How did he become linked with Scotland?
St Andrew’s links with Scotland come from the Pictish King Oengus I, according to legend, who built a monastery in the Fife town of Kinrymont after the relics of the saint (said to include a tooth, kneecap, arm and finger bone) were brought to the town from Greece in the eighth century.
The town became a major centre of pilgrimage and was later re-named St Andrews, where the famous Scottish university now stands.
St Andrew was made the patron saint of Scotland after the king’s descendant, Oengus II, prayed to St Andrew on the eve of a crucial battle against English warriors from Northumberland, around 20 miles east of Edinburgh.
Legend has it that, heavily outnumbered, Oengus II told St Andrew that he would become the patron saint of Scotland if he were granted victory. On the day of the battle, clouds are said to have formed a saltire in the sky, and Oengus’s army of Picts and Scots were victorious.
The Saltire flag – a white cross on a blue background – is said to have come from this divine intervention and has been used to represent Scotland since 1385.
In 1870, the Archbishop of Amalfi sent an apparent piece of the saint’s shoulder blade to Scotland, where it has since been stored in St Mary’s Cathedral in Edinburgh. The other relics were destroyed in the Scottish Reformation.
Read more: 35 great quotes about Scotland and the Scots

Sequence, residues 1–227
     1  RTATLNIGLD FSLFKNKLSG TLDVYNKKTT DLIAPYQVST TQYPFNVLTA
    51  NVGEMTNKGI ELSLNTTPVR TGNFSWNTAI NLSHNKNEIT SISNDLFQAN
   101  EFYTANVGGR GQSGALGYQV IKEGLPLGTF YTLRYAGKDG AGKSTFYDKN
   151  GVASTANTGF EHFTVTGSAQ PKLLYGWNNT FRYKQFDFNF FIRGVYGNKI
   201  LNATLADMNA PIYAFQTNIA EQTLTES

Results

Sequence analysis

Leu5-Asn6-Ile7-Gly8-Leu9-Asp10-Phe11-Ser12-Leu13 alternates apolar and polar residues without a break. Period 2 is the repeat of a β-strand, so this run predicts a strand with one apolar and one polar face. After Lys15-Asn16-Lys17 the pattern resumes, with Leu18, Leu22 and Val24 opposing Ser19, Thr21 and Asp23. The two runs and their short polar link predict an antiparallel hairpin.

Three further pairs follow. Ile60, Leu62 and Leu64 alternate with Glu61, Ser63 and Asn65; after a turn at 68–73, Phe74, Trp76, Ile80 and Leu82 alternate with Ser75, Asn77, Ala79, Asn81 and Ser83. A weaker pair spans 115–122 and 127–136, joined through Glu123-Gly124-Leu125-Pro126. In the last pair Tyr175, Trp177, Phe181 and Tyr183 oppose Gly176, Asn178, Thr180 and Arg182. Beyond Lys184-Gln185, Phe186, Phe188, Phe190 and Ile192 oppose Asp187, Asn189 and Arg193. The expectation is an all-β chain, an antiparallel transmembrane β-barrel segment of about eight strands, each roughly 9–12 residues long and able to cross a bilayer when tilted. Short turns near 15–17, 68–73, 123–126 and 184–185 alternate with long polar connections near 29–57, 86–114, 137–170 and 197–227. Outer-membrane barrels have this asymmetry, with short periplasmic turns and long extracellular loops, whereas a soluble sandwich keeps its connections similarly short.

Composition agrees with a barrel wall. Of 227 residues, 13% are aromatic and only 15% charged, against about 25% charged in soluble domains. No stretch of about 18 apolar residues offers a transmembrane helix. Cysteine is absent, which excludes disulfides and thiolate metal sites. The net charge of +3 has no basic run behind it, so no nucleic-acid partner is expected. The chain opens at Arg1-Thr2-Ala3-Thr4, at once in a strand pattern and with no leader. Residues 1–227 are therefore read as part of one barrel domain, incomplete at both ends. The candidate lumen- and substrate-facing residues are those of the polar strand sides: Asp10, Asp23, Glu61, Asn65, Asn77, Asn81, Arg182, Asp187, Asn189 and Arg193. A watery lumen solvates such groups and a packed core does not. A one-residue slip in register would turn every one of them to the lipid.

How Scots celebrate St Andrew’s Day
November 30, 60AD is supposedly the date that St Andrew was crucified, which is why the patron saint’s day falls on this date each year, although the bank holiday is on the following Monday if it falls on a Saturday or Sunday.
However, it wasn’t until the 18th century that celebrating St Andrew’s Day became common in Scotland. And bizarrely the tradition didn’t even start in Scotland, but in South Carolina in 1729 where a group of wealthy ex-pat Scots started the ‘St Andrew’s Society of Charleston’ because they were missing home.
The group became well known in the area for their charitable endeavours, helping the poor and needy and it was from here that St Andrew’s societies began to spread around the world.
In 2006, St Andrew’s Day was made a bank holiday in Scotland, and has traditionally been a day off for students of St Andrews University. While St Andrew’s Day in Scotland and St Patrick’s Day in Northern Ireland are bank holidays, St George’s Day in England and St David’s Day in Wales are not, which is usually a source of some frustration every year.
The day is usually marked by a celebration of Scottish culture, including dancing, food and music, and both the British Prime Minister and Scotland’s First Minister give St Andrew’s Day messages.